Let Love Be Your Guide

Dan and Claudia Zanes Made ‘Let Love Be Your Guide’ for Young Listeners

If Let Love Be Your Guide doesn’t go down as the 21st-century kids’ music equivalent of The Freewheelin’ Bob Dylan, it will most likely pave the way for it.

Let Love Be Your Guide
Dan and Claudia Zanes
Smithsonian Folkways Recordings
28 July 2021

It was around the time of my eldest child’s birth that I became aware that Dan Zanes, like Mark Mothersbaugh, Evan Lurie, and They Might Be Giants, was one of those hip music industry veterans who had stumbled upon a career in family music. Parents were quick to embrace his new act Dan Zanes and Friends, probably because they were all grown-up Del Fuegos fans looking for music their children would enjoy. It wasn’t long before he was winning Grammys and recording with Elizabeth Mitchell, the unofficial queen of children’s folk music.

After more than a dozen albums with the Friends band, Zanes and his wife Claudia relocated to Baltimore shortly before the COVID pandemic put the brakes on modern life. Claudia Zanes, an accomplished singer, helped Dan record one song a day to upload to the outside world. The response was enthusiastic, even if reality was being ravaged by an airborne virus and incidents of police brutality. Being a racially mixed couple, the Zanes kept one eye on the Black Lives Matter protests of 2020 and decided that all of this could be a teachable, not to mention musical, moment.

Their first collaborative album, Let Love Be Your Guide, name-drops John Lewis in one song’s title and uses the word “reparations” in another! Folk music and protest have been traveling hand-in-hand before Woody Guthrie came along, so a children’s folk album concerning social (in)justice shouldn’t catch us entirely unawares. However, you can probably hear the detractors revving up their protests now, railing against an “agenda”. But as Bobby Womack once put it, “when you tell the truth, you never go out of style.”

The album opens with the bluesy title track, swishing in a 12-string Malian wind. The title is a continuing refrain through both choruses and verses: “Be your guide when you are weary / Be your guide when you’re unsure / The winds of change are on your side / Let love be your guide.” Dedicated to the late John Lewis, it’s downright challenging to imagine this message being one’s mantra as their skull was getting cracked open by the Selma police in 1965.

“Reparations Is a Must (4th of July Love Song)” is constructed similarly, with the title revisiting the listener several times in each stanza: “The statues and the glory / Reparations is a must / The story behind the story / Reparations is a must / All the children in their classrooms and the children they’re asked to trust / Can write it on the whiteboard / ‘Reparations is a must.’” “Coming Down” calmly explains that some ideas have overstayed their welcome, like white supremacy, capitalism, the patriarchy, voter suppression, and — oh, my — police departments. For parents who aren’t looking to have a list of hardships specified, there’s “In These Troubled Times”, where the Zanes trade vocal spots with guest vocalists from the Baltimore area. After all, no one can debate that these are troubled times.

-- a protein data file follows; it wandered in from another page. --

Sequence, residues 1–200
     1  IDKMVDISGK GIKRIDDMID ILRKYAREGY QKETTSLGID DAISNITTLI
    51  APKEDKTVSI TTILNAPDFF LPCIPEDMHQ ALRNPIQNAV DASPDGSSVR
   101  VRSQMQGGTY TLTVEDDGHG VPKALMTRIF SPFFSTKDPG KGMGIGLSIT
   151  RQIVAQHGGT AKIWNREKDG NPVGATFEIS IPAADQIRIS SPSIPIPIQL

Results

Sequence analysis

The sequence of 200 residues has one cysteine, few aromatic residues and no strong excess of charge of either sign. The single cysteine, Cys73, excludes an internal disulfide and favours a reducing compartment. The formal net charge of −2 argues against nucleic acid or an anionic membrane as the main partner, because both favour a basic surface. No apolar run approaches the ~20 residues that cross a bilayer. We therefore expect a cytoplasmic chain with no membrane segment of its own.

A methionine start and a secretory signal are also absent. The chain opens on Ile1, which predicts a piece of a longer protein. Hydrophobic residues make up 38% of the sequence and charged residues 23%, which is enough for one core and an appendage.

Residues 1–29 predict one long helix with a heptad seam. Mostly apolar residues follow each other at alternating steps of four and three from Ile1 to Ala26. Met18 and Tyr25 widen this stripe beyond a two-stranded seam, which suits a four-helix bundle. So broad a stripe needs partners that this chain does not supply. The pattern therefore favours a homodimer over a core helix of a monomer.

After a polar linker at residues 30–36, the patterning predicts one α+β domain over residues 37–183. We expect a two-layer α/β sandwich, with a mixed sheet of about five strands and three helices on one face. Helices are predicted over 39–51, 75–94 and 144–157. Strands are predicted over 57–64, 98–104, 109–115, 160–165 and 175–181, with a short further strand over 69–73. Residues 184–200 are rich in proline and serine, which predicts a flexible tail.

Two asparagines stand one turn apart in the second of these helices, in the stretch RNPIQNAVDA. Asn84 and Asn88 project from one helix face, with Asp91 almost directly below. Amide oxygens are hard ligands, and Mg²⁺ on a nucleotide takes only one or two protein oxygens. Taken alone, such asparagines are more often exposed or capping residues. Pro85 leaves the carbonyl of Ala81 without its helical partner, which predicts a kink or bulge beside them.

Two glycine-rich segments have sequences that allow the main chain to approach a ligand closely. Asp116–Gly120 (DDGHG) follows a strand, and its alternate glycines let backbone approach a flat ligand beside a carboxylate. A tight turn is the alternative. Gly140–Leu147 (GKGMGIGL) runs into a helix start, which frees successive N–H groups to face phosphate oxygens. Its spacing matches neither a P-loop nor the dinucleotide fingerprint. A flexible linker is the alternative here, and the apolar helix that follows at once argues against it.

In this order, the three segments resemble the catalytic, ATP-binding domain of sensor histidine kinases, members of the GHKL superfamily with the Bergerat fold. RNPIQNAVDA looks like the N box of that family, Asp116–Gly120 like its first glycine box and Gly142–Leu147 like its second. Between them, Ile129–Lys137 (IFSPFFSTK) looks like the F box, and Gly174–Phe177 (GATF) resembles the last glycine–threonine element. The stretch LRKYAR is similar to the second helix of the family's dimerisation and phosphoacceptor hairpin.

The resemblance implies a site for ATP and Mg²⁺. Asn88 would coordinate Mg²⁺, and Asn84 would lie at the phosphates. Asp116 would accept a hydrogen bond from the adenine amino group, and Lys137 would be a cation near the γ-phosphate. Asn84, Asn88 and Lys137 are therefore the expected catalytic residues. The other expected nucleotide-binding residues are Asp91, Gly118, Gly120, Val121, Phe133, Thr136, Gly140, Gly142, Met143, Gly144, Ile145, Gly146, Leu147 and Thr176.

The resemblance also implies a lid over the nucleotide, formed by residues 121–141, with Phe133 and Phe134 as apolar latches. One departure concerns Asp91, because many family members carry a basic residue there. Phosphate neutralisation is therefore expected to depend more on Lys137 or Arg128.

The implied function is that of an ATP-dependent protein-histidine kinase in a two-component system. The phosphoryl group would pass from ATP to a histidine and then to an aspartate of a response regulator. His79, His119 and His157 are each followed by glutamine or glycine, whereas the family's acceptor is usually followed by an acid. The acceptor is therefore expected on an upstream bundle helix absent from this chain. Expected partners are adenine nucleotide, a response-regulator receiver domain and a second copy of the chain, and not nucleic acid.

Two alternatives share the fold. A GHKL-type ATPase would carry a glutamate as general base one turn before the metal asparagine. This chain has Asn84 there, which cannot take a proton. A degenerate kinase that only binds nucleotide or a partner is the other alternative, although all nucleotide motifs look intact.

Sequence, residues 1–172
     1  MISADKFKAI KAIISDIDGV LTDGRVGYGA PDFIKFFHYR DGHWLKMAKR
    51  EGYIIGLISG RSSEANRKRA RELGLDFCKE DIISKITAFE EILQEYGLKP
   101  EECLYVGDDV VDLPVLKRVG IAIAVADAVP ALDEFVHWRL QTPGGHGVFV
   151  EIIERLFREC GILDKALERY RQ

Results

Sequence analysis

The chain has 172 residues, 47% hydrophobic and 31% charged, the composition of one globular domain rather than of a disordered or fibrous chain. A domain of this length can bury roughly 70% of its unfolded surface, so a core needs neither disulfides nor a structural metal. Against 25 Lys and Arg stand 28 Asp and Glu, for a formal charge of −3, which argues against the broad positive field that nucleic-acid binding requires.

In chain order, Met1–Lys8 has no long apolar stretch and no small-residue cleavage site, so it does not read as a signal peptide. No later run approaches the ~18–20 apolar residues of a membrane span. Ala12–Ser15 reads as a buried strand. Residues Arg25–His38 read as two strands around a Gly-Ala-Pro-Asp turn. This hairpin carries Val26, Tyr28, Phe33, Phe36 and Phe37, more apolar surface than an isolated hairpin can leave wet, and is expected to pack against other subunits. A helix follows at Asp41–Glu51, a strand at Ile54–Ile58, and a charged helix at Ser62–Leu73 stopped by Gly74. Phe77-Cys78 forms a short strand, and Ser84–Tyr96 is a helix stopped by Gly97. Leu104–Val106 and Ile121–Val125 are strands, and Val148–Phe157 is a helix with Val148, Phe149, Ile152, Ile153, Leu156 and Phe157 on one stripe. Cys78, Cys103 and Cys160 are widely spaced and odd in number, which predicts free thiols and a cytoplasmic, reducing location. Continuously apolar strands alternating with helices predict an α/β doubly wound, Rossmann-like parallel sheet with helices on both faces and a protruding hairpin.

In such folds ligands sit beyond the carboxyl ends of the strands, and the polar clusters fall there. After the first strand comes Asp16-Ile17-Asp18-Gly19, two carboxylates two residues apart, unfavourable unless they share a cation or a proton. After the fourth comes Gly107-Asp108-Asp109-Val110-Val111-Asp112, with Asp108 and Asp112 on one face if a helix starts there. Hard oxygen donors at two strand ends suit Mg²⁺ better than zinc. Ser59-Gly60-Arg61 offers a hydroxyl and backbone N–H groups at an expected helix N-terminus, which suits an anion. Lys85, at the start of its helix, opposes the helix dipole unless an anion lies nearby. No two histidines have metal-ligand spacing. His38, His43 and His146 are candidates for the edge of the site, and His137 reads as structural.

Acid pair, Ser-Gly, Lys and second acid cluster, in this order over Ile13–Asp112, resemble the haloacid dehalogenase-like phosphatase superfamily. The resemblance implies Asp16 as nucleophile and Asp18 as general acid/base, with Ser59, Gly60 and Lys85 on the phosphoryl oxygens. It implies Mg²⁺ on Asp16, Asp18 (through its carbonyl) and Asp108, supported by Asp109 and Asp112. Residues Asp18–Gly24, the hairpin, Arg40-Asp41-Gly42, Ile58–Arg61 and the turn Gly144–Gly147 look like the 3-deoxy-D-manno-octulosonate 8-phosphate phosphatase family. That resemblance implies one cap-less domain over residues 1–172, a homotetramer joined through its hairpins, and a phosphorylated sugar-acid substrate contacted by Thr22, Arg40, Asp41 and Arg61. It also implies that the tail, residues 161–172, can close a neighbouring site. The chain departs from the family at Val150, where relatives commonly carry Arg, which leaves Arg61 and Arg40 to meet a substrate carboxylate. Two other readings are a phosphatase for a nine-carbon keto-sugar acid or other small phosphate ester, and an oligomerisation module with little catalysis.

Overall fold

Naturally, the whole album isn’t quite this heavy. “Arriba Means Up!” is just a chance for the Zanes to invite some kids into the studio to have them giggle about being tickled. “Open Windows (Here I Am)” is a cool and breezy organ tune sampling children identifying their sources of pride. The bounce of “New Beginnings” is understandably optimistic as it treats every new leaf as a chance for improvement. And as far as songs about mixed couples go, “Two Different Worlds” gets to be a guardedly happy one thanks to its easygoing island rhythm. “Long Hot Summer Nights”, for its part, is happy to just sit back and watch the dog days fade into evenings.

Had you told me 13 years ago that I would eventually be reviewing an album of family music that calls for the end of white supremacy and police brutality, I would not have known what to think. Then again, the younger me wouldn’t have known what to think concerning all of the world events that have occurred between 2020 and 2021. Troubled times, indeed. It would be remarkably easy to use family music to skirt around all these thorny issues. But even if you are indifferent to the kind of music Dan Zanes has been pursuing over the last 20 years, you’ve got to hand it to him and Claudia for taking such a bold stance — on the Smithsonian Folkways label, no less.

If Let Love Be Your Guide doesn’t go down in history as the 21st-century children’s music equivalent of The Freewheelin’ Bob Dylan, it will most likely pave the way for one. It’s not an absurd idea.

RATING 7 / 10